“Lowering the bridge would potentially reduce costs,” he said. “They do not need that height anymore,” he said of the Navy. He said that he could not specify at this point how much less it would cost to build the lower bridge.

“We have that deep-water channel there,” said Todd Morgan (R), St. Mary’s county commissioner, on June 29. “You don’t want to ruin opportunity economically on either side of the bridge.”

St. Mary’s commissioners’ President Jack Russell and Commissioner Larry Jarboe agreed.

“We probably need to keep the height as it is for the Solomons annex,” Jarboe (R) said June 29. “It would be a logical place in the future with federal support for cruise ships running out of Solomons.”

“If you’re going to spend a billion­-dollars-plus, why shortchange yourself?” Russell (D) said. “I think we ought to put a bridge back that will replicate the one we have now.”

Calvert County commissioners’ President Susan Shaw (R) said she thinks the best approach is to marry what the public has said it wants to see — a new four-lane bridge with wide shoulders — and SHA’s studies, because state Sen. Roy P. Dyson (D-Calvert, Charles, St. Mary’s) has said the current span is unsafe due to the traffic it bears. State highway officials have said that the bridge is safe, though not adequate, to carry its current traffic load.

“At the time it was built, I don’t think we could have foreseen the amount of people that use it today,” Shaw said. Many of Calvert’s commuters use the bridge to get to work at the naval base.

“We need a new bridge,” Shaw said. “It’s just not even debatable.”

The height makes it a stunning visual landmark, she said, despite the fact that the height no longer is required by the Navy.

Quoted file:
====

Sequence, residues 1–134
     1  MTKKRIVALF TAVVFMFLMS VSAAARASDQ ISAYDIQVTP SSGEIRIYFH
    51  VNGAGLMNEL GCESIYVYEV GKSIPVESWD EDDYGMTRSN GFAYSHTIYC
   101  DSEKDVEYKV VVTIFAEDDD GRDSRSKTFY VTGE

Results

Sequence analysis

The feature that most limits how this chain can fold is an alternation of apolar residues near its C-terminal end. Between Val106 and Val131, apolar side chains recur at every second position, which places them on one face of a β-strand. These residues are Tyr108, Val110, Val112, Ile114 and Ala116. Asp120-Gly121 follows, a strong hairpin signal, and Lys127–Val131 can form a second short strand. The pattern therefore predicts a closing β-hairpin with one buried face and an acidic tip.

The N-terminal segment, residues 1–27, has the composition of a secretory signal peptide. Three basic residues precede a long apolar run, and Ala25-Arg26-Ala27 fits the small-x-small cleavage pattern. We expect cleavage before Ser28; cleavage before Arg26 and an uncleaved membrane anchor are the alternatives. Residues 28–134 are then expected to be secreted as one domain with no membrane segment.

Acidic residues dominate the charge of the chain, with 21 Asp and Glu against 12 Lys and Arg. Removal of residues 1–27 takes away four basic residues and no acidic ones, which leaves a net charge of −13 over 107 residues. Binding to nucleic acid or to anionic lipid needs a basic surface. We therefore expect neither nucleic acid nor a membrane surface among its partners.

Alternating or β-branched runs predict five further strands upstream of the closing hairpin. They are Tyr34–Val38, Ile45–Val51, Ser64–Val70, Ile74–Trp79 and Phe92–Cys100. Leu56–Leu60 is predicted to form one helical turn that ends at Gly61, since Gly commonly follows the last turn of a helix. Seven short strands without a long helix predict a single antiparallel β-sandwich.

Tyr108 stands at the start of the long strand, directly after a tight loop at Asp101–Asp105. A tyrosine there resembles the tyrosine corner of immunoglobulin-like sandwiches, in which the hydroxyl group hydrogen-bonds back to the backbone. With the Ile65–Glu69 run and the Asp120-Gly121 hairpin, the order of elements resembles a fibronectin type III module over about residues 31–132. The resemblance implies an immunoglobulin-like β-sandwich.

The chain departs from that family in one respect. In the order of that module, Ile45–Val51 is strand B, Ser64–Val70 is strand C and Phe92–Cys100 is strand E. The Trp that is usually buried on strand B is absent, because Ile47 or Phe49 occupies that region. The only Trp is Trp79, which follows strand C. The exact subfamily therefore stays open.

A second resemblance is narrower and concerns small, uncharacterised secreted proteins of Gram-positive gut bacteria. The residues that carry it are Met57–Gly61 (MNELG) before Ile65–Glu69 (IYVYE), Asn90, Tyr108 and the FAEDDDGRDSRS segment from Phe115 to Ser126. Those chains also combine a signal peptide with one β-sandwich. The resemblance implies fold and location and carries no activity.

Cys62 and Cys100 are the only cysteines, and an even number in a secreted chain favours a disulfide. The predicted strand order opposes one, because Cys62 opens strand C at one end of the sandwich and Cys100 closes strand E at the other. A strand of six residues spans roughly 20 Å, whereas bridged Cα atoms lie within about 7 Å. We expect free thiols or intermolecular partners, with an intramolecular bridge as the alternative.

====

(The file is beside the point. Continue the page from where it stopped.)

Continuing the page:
“So then it comes down to the fact that it is a lot more expensive to build a new bridge at the same height as the old bridge, versus the additional justification of it being a stunning visual marker,” she said. “That’s the kind of thinking that should be going on.”

Calvert Commissioner Gerald W. “Jerry” Clark (R) said he believes, based on public hearings SHA conducted in the fall, that the option that residents have most embraced is the construction of a new bridge, with additional space for bikers and pedestrians.

“One thing I didn’t want to see is one bridge parallel beside it, so you have one higher and one lower,” Clark said of the possibility of building a second span.

“It could be much, much lower,” Commissioner Evan K. Slaughenhoupt Jr. (R) said. “But I also understand there is currently a nice view of Solomons when you’re up there. The lower you go, the lesser the nice view.”

Slaughenhoupt said Solomons residents have expressed the same concern over building a second span. “If they build another span and the existing one remains, it should stay at the same height, otherwise it’ll look ugly,” he said.

The SHA will produce its preferred bridge alternatives this fall, and the location and design approval is scheduled for next spring, Beck said.

Three options exist for the rebuilding of the intersection of routes 235 and 4, the busiest intersection in St. Mary’s County, which sees between 40,000 and 55,000 vehicles a day.

One option allows a constant flow of traffic; another would build a ramp from Route 4 to southbound Route 235; a third would build an intersection in which Route 4 would cross beneath Route 235.